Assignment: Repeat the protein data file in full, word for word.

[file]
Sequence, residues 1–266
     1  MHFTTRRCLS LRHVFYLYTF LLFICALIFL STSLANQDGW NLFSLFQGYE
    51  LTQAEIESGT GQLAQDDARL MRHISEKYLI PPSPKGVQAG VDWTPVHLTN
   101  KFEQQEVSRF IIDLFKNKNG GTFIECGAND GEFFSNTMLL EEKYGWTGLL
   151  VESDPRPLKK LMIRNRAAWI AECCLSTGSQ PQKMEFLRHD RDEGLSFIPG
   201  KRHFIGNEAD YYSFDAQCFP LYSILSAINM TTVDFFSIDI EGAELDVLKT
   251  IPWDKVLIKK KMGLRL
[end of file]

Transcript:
Sequence, residues 1–266
     1  MHFTTRRCLS LRHVFYLYTF LLFICALIFL STSLANQDGW NLFSLFQGYE
    51  LTQAEIESGT GQLAQDDARL MRHISEKYLI PPSPKGVQAG VDWTPVHLTN
   101  KFEQQEVSRF IIDLFKNKNG GTFIECGAND GEFFSNTMLL EEKYGWTGLL
   151  VESDPRPLKK LMIRNRAAWI AECCLSTGSQ PQKMEFLRHD RDEGLSFIPG
   201  KRHFIGNEAD YYSFDAQCFP LYSILSAINM TTVDFFSIDI EGAELDVLKT
   251  IPWDKVLIKK KMGLRL